Reading to Write: Part II

Photo from the Vanderbilt Writing Studio. The original caption reads: "Reverse Outlining can be a sticky (note) situation" http://www.flickr.com/photos/vandywritingstudio

Photo from the Vanderbilt Writing Studio. The original caption reads: “Reverse Outlining can be a sticky (note) situation”
http://www.flickr.com/photos/vandywritingstudio

A follow-up post on techniques for teaching writing by first teaching critical reading. In particular, I talk about reverse outlining: how to do it, why you might assign it, and some thought on its relationship to developing critical reading skills.

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Reading to Write: Part I

StrathernTech&Kinship0112Teaching adult learners to write well means first teaching them to read well. “Reading to Write” is the first of two posts on how I’ve attempted to get students reading well in order that they might identify what they need to do to write well.

 

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Professionalization: A Formula for Anxiety?

Anne-Elise Coste, "Professionalization is killing art" (2008) I first misread this as: "Professionalization is a killing art," which, really, is just somehow so much more poignant.

Anne-Elise Coste, “Professionalization is killing art” (2008)
I first misread this as: “Professionalization is a killing art,” which, really, is just somehow so much more poignant.

 

(R) is for Risk; (A) is for Anxiety: A new blog post on PhD professionalization, quantitative risk assessment, and what the two have to do with graduate-student anxiety.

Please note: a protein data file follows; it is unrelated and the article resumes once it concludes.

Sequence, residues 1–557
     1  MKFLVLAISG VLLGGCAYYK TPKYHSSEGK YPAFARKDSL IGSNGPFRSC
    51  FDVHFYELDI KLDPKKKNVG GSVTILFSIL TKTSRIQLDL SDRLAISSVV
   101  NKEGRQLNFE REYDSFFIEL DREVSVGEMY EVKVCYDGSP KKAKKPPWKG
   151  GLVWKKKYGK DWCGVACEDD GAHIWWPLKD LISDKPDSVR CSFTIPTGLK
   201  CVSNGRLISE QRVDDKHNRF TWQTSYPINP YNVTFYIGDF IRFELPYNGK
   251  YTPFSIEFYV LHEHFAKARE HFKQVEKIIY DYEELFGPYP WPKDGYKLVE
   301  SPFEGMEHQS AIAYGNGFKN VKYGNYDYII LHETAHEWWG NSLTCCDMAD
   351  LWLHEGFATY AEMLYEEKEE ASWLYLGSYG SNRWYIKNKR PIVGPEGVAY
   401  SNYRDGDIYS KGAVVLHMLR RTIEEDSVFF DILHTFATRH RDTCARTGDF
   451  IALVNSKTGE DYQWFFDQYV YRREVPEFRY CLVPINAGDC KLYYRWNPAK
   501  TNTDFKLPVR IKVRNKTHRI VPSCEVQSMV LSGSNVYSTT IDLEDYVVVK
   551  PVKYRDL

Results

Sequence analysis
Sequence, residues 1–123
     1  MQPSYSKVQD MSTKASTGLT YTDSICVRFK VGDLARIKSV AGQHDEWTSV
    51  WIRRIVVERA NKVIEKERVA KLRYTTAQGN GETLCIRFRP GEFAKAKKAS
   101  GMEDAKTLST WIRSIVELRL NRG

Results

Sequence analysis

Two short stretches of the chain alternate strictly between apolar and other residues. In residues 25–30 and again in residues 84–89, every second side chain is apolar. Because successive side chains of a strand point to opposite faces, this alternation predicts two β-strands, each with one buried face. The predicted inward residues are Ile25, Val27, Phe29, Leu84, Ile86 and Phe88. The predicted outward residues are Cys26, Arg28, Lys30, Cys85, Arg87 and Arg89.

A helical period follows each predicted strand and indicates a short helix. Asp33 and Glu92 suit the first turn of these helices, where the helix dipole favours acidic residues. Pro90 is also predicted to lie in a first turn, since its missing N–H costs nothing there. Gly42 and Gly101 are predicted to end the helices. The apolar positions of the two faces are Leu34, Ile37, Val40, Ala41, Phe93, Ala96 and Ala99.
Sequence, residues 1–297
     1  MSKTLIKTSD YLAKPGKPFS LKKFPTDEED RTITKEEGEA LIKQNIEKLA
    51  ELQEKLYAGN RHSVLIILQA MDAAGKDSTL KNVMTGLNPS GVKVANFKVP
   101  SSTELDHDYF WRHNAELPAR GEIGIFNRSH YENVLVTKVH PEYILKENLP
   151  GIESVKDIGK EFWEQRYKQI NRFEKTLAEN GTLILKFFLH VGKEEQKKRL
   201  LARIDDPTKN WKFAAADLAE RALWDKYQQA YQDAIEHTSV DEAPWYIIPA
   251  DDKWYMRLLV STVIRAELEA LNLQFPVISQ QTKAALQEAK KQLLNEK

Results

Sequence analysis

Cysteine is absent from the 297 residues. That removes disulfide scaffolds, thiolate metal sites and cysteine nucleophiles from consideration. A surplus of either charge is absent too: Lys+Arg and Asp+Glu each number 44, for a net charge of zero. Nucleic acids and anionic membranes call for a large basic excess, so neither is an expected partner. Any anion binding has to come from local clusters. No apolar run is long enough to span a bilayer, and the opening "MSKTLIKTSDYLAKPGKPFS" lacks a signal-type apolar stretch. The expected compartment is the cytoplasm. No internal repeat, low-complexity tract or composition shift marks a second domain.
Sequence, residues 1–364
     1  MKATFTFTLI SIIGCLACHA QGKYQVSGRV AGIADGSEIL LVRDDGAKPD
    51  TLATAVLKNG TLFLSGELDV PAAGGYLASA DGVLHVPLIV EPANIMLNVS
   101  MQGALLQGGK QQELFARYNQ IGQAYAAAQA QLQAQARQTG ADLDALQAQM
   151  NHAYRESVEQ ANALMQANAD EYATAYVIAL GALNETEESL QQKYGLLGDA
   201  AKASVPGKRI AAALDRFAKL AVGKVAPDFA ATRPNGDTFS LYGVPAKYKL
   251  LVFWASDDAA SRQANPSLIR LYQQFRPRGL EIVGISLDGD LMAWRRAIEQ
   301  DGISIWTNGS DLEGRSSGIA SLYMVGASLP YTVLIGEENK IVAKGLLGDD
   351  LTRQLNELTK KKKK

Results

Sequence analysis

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Teaching Criticism

from the "English Grad Student Shaming" tumblr.

“What Mom always said doesn’t go far in grad school…” (from EnglishGradStudentShaming.tumblr.com)

This post attempts to puzzle through the impulse to critique and criticize in literary studies; in particular, it considers a grad-student culture of shame via the newly-created tumblr “englishgradstudentshaming.” What happens when grad students and instructors feel like they “can’t say anything nice about books anymore”?

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Cultures of Criticism

Cultures of CriticismThe thinking behind this post began with some of the work done at The Thesis Whisperer– an insightful and immensely readable blog and resource for grad students. Dr. Inger Mewburn’s post about the “chameleon” reaction to criticism got me thinking: how do cultures of scholarship effect the culture of the classroom? Are the two cultures more intimately linked than one might first think? Might the culture of one inhibit the growth of the other? 

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